Sermon for Palm Sunday
by the Revd. Fr. William Martin
Sermon for Palm Sunday 2022
The Revd Fr. William Martin
When Pilate was set down upon the judgment-seat, his wife sent
Unto him, saying, Have thou nothing to do with that just man:
For I have suffered many things this day in a dream because of Him.
(St. Matthew 27. 19)
Holy Week has been set aside from the time of the early Church to ponder our Lord’s suffering in silence. If we approach this time with a determined silence and stillness, we will, no doubt, find that it will interrupt and confound the usual course of human reason and its expectations, as it tears and wrenches the human heart from the fulfillment of its usual expectations. Then, if we sustain the stillness, and with a quiet mind ponder the unfolding drama of Holy Week, the blanket of Divine Otherness might begin to make sense of what seems to be wholly wrong, unjust, and even unthinkable.
Following Jesus’ triumphant entry into Jerusalem He had told his Apostles: All ye shall be offended because of me this night: for it is written, I will smite the shepherd, and the sheep of the flock shall be scattered abroad. (St. Matthew 26.31) This Word that was made flesh would be rejected on a number of different levels. Men always find excuses for refusing to allow the Word to be made flesh in human life. In the interests of political expedience, Pilate will convince himself, perhaps, that he has rid the world of a temporary religious nuisance. The Jews’ self-righteous indignation will be justified…or so they think. Jesus’ Disciples will abandon Him out of confused fear and cowardice. Peter will deny Him and repent, and Judas Iscariot will betray Him and hang himself.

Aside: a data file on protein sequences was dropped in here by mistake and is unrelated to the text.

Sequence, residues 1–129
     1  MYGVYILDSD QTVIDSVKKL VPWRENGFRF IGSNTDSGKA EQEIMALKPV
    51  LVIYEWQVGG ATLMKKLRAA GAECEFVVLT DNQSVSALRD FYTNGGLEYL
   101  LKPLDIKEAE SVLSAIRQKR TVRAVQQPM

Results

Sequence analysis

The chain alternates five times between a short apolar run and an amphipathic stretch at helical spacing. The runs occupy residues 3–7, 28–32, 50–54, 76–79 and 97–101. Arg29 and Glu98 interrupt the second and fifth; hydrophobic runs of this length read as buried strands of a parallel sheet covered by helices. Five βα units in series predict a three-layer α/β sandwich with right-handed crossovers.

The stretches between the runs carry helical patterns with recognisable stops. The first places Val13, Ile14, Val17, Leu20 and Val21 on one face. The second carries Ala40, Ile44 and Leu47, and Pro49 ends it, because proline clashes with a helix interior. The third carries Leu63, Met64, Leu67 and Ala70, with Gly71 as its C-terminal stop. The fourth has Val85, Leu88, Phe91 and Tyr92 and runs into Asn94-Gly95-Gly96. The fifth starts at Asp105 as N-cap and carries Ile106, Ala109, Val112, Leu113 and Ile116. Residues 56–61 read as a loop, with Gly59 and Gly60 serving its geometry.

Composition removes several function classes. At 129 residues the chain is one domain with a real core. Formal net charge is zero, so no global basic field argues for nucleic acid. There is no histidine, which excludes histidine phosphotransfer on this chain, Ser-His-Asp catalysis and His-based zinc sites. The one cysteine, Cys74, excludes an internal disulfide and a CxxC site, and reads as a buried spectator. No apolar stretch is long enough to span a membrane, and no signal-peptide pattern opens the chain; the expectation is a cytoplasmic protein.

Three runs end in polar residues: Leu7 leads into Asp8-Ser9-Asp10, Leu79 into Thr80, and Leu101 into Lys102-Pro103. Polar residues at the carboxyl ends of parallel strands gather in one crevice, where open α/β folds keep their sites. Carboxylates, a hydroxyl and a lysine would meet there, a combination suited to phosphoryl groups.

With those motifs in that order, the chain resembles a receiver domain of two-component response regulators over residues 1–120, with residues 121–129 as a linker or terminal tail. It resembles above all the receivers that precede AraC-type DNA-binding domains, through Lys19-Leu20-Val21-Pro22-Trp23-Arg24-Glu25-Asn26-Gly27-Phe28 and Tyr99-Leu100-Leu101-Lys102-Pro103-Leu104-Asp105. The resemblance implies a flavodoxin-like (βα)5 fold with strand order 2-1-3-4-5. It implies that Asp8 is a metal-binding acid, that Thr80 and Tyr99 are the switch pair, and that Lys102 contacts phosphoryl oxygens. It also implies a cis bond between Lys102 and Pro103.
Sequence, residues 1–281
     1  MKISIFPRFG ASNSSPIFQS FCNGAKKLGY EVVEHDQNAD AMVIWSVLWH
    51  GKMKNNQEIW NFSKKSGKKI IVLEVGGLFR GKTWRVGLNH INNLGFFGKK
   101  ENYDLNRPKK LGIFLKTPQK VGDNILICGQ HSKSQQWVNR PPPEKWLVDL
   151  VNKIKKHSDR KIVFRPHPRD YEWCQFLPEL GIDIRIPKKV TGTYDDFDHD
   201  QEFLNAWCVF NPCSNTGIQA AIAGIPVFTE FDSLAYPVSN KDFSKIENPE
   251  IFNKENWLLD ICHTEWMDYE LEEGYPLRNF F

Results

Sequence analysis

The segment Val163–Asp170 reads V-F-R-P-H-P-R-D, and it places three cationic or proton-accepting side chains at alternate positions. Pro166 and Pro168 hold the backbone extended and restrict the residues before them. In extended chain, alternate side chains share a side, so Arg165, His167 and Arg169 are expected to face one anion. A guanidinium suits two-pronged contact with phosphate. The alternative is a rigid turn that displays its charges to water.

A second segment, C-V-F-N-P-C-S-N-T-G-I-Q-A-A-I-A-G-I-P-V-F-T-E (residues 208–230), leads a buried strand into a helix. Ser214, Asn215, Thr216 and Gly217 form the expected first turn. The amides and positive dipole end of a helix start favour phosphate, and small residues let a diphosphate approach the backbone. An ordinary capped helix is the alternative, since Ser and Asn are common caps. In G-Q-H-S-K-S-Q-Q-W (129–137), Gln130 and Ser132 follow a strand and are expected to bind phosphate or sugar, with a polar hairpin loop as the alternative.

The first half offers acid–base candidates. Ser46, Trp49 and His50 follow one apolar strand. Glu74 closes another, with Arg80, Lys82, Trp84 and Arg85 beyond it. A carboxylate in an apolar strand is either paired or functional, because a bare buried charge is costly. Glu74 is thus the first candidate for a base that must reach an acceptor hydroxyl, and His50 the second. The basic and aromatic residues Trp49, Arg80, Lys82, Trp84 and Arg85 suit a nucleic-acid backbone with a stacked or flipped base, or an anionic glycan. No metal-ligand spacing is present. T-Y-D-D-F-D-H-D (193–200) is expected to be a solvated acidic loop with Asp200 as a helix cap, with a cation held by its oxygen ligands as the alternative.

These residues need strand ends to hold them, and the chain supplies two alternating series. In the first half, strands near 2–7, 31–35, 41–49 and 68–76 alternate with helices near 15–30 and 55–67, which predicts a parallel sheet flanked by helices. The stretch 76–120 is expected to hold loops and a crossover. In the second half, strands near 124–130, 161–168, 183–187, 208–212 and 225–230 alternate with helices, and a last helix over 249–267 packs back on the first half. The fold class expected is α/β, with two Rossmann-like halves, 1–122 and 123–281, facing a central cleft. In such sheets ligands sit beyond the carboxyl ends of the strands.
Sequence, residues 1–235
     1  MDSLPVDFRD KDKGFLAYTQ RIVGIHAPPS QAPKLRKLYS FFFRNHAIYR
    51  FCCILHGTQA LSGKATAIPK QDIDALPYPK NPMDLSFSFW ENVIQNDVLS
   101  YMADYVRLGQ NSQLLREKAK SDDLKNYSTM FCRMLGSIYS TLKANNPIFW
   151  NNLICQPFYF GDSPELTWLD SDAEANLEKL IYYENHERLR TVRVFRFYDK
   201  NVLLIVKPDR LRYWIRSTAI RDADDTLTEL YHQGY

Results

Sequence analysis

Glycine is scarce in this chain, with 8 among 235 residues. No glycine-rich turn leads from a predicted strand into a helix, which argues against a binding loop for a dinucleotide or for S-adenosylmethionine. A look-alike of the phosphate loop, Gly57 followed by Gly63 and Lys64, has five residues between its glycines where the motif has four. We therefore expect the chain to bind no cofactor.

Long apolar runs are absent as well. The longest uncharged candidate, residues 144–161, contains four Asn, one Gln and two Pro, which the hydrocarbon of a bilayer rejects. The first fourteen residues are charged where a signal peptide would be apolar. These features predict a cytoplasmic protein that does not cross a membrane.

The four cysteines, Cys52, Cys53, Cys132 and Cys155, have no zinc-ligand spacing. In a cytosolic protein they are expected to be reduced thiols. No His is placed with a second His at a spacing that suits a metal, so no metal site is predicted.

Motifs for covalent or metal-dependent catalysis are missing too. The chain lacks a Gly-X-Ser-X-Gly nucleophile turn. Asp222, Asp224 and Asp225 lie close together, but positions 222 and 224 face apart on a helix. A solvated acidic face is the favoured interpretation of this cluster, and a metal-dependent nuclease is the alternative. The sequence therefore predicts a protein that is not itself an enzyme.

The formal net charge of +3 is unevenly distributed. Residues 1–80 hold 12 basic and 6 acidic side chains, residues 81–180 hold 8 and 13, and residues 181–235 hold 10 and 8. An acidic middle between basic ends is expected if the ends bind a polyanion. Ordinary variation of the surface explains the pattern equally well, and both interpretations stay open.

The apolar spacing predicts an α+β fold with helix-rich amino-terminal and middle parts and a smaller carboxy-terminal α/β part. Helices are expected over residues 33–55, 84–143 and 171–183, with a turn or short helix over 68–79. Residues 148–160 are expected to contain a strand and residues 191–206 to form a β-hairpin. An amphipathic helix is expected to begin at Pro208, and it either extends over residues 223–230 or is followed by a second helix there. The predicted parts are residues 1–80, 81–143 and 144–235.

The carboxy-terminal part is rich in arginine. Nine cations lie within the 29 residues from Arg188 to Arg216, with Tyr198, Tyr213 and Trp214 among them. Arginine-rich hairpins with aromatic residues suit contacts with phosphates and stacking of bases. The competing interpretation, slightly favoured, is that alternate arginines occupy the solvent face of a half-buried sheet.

In the lections for today, we already begin to see and hear the truth that will emerge through the trial, arrest, and condemnation of Jesus Christ. Pontius Pilate, Governor of Judaea, is confronted with that earthly chaos and confusion that the Pax Romana must never abide, especially on what should be just another peaceful Friday afternoon in an insignificant outpost of the Roman Empire. He seems a reasonable and just enough man, who is neither drawn to nor impressed by the strange religion of the Jewish Aristocracy, which has interrupted his afternoon rest. He is commissioned with enforcing the Pax Romana –the peace of Octavian Augustus, that has brought unimaginable law and order in the now civilized the world. So he will do his best to treat the problem of this Jesus of Nazareth expeditiously with a kind of Stoical calm that the Romans had mastered with fine precision. In the interest of Roman Law, he will rebuke the Jews for their envy, commanding them to judge Christ themselves, or send him to Herod….but to no avail. (St. Matthew xxvii. 14) Then another kind of stillness, silence, and peace will emerge from this strange man, Jesus Christ, whom he must interrogate. Pilate marvel[s] greatly. (Ibid, 14) His wife has the spiritual sense to warn him to have nothing do with that just man (St. Matthew xxvii. 19), not realizing that she will be the prophetess of a new world order. And, in a sense he will try to do just that. But the crowd will demand that Barabbas be released and Jesus be crucified. Pilate’s conscience is nevertheless stirred, for he finds no evil or crime in the defendant. Why, what evil hath he done? (Ibid, 23) Let Him be crucified, the crowd demands. In response to the passionate envy that threatens further chaos and anarchy, we shall read that, he took water and washed his hands before the multitude, saying, I am innocent of the blood of this just person: see you to it. (Ibid, 24) The Jews will confess: His blood be on us, and on our children. (Ibid, 25) And they too will prophesy a judgment of themselves that has never since been eradicated.